Prevalence of Hepatitis C Virus in Iranian Prisoners: An Updated Systematic Review and Multilevel Meta-Analysis Study


Alireza Najimi ORCID 1 , Mohammad Gholami-Fesharaki ORCID 1 , * , Mohsen Rowzati 2

1 Department of Biostatistics, Faculty of Medical Sciences, Tarbiat Modares University, Tehran, Iran

2 Occupational Health Center, Isfahan Mobarakeh Steel Company, Isfahan, Iran

How to Cite: Najimi A, Gholami-Fesharaki M, Rowzati M. Prevalence of Hepatitis C Virus in Iranian Prisoners: An Updated Systematic Review and Multilevel Meta-Analysis Study, Hepat Mon. Online ahead of Print ; 20(5):e102004. doi: 10.5812/hepatmon.102004.


Hepatitis Monthly: 20 (5); e102004
Published Online: May 18, 2020
Article Type: Systematic Review
Received: February 24, 2020
Accepted: March 15, 2020


Context: Hepatitis C is one of the most dangerous viral infections causing chronic liver disease.

Objectives: The current study aimed to estimate the pooled prevalence of hepatitis C in Iranian prisoners.

Evidence Acquisition: Articles were identified through searching international databases, including PubMed, Scopus, Elsevier, Google Scholar, and Web of Science and Iranian databases, including Scientific Information Database (SID), Health.barakatkns, IranDoc, Civilica, and MagIran. We systematically reviewed all studies reporting the prevalence of HCV in Iranian prisoners. All studies conducted ELISA tests for the evaluation of HCV antibodies. In this study, a multilevel meta-analysis method was used to estimate the pooled prevalence.

Results: The electronic search identified 147 records, 33 of which were relevant papers used for the pooled meta-analysis of HCV prevalence. Overall, the prevalence of HCV using a multilevel meta-analysis approach was 24.88% (95% CI = 19.12 - 31.69). The highest pooled HCV rate was related to Markazi province (59.47% [95% CI = 51.70 - 67.25]), while the lowest pooled HCV rate belonged to North Khorasan province (5.00% [95% CI = 2.44 - 7.55]). A decreasing HCV prevalence trend was observed between 1995 and 2018.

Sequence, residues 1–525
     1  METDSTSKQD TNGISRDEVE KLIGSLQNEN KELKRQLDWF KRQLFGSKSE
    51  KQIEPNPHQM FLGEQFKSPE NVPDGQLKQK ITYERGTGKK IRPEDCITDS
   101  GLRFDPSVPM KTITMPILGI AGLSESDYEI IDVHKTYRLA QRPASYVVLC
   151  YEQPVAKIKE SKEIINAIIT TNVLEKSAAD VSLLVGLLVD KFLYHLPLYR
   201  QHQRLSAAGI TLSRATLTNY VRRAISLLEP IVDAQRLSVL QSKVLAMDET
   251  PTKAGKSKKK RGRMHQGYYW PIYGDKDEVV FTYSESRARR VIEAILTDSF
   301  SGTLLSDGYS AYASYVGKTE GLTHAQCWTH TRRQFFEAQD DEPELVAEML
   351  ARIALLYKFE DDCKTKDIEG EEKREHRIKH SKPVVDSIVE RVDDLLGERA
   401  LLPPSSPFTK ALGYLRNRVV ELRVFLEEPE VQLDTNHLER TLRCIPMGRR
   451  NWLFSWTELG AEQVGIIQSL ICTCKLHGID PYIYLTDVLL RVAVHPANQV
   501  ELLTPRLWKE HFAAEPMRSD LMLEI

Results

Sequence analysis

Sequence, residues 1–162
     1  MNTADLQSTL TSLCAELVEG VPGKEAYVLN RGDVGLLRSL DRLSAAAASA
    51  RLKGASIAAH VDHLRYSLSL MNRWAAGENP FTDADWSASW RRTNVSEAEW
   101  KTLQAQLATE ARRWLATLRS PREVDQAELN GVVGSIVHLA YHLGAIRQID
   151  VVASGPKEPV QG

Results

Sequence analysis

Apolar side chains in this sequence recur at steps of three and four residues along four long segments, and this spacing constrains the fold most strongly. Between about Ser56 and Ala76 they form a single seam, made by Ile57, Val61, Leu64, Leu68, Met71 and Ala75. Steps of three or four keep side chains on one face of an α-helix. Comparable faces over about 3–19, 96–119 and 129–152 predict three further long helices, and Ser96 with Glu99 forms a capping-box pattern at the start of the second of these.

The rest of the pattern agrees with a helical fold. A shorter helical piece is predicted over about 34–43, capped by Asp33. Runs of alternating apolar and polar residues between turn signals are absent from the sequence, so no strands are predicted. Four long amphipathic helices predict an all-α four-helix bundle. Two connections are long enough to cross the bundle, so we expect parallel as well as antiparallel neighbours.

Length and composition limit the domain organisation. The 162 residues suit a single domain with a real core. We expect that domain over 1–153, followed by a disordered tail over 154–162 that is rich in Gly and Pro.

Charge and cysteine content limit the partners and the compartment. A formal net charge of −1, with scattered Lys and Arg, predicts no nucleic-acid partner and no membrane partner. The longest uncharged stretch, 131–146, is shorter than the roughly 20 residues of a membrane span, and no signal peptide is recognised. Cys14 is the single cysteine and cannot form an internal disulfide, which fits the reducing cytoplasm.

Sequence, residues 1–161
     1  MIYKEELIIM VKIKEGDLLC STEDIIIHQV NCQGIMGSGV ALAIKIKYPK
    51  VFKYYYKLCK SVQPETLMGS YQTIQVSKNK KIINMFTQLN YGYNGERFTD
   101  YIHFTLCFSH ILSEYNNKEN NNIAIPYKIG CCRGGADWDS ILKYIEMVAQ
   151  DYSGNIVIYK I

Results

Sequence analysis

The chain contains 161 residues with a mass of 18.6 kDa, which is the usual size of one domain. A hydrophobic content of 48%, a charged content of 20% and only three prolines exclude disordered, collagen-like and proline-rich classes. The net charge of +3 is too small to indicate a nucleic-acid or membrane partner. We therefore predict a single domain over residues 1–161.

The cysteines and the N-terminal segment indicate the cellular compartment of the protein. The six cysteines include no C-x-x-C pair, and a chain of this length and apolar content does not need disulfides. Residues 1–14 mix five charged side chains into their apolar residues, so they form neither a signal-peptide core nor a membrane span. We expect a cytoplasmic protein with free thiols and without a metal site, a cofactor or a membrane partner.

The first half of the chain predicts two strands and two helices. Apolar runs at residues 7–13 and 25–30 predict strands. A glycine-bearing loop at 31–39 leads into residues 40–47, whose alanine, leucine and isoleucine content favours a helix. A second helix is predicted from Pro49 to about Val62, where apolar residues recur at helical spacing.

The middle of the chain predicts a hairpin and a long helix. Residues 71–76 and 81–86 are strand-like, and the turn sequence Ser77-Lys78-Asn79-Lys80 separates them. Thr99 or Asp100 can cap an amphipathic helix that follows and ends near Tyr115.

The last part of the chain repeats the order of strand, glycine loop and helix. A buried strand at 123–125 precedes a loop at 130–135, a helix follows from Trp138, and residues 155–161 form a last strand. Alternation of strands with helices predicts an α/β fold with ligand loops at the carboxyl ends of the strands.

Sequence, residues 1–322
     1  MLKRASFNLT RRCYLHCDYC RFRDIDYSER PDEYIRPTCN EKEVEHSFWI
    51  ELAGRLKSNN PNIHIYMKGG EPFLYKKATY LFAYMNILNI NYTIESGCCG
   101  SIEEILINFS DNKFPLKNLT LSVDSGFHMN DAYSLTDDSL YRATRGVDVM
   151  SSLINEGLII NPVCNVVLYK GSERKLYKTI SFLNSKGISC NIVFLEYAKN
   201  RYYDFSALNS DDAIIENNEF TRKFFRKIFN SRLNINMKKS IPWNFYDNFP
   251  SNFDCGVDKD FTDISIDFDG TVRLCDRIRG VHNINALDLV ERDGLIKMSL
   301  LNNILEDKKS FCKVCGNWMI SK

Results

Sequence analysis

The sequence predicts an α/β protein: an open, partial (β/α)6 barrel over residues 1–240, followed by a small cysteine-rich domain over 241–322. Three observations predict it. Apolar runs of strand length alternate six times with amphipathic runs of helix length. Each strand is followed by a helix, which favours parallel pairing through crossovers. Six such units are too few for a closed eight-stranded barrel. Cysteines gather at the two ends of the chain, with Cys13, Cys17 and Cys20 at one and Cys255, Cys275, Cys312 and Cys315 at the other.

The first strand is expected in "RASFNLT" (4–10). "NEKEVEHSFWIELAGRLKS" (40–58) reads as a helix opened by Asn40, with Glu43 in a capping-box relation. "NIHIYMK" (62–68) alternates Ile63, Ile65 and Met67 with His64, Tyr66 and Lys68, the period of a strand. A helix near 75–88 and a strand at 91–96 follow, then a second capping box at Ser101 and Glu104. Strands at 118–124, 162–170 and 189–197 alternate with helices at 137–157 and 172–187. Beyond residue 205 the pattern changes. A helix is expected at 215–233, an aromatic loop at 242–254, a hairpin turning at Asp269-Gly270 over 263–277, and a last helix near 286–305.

Conclusions: The results of the study showed that the prevalence of HCV is significantly high among prisoners in Iran. An enhanced training program is needed for prisoners and prison staff to improve the prisoners’ health status.

1. Context

Hepatitis C Virus (HCV) is a major public health problem. It is associated with morbidity and mortality and imposes a substantial burden on the worldwide healthcare system (1, 2). About 399,000 people die each year due to hepatitis C, mostly from cirrhosis and hepatocellular carcinoma. A previous study estimated 71 million people (1% of the world’s population) living with HCV infection in 2015 (3).

Based on the available data, most countries in the Middle East and North Africa (MENA) have a low-to-moderate anti-HCV prevalence (4). A prison is a high-risk place for prisoners who are engaged in risky behaviors such as injecting drugs, tattooing, unwanted sexual intercourse, and sharing syringes. The HCV prevalence is generally higher among prisoners than in the general population, mainly due to risky behaviors of prisoners (5-7). Prisoners are susceptible to various infectious diseases and may spread them after they return to society (8). Information about the HCV prevalence in prisoners can lead to appropriate decisions in public health policy and management.

The previous meta-analysis of HCV prevalence among Iranian prisoners was done by Behzadifar et al. (9) in 2018. Two other studies did not use two rounds of a national study (bio-behavioral and observational studies of HBV and HCV in Iran prisons) conducted in 2015 and 2016 (10, 11) and not reported the prevalence of HCV by province.

2. Objectives

This systematic review and meta-analysis study was done to estimate the pooled HCV prevalence using a new statistical approach (multilevel meta-analysis) in prisoners.

3. Evidence Acquisition

3.1. Search Strategy

All studies used ELISA tests for assessing HCV antibodies. The literature on the HCV-Ab prevalence in Iran was acquired through searching international databases, including PubMed, Scopus, Elsevier, Google Scholar, and Web of Science and Iranian databases, including Scientific Information Database (SID), IranDoc, Health.barakatkns, MagIran, and Civilica. Our last search was conducted on February 8, 2020. To search and include related studies as many as possible, we used the terms “Hepatitis C”, “HCV”, “Prevalence”, “Epidemiology”, “Prison”, “Prisoner”, “Inmates”, “Jails”, and “Iran” (or the names of its provinces) as keywords in titles and/or abstracts in the MeSH word search database.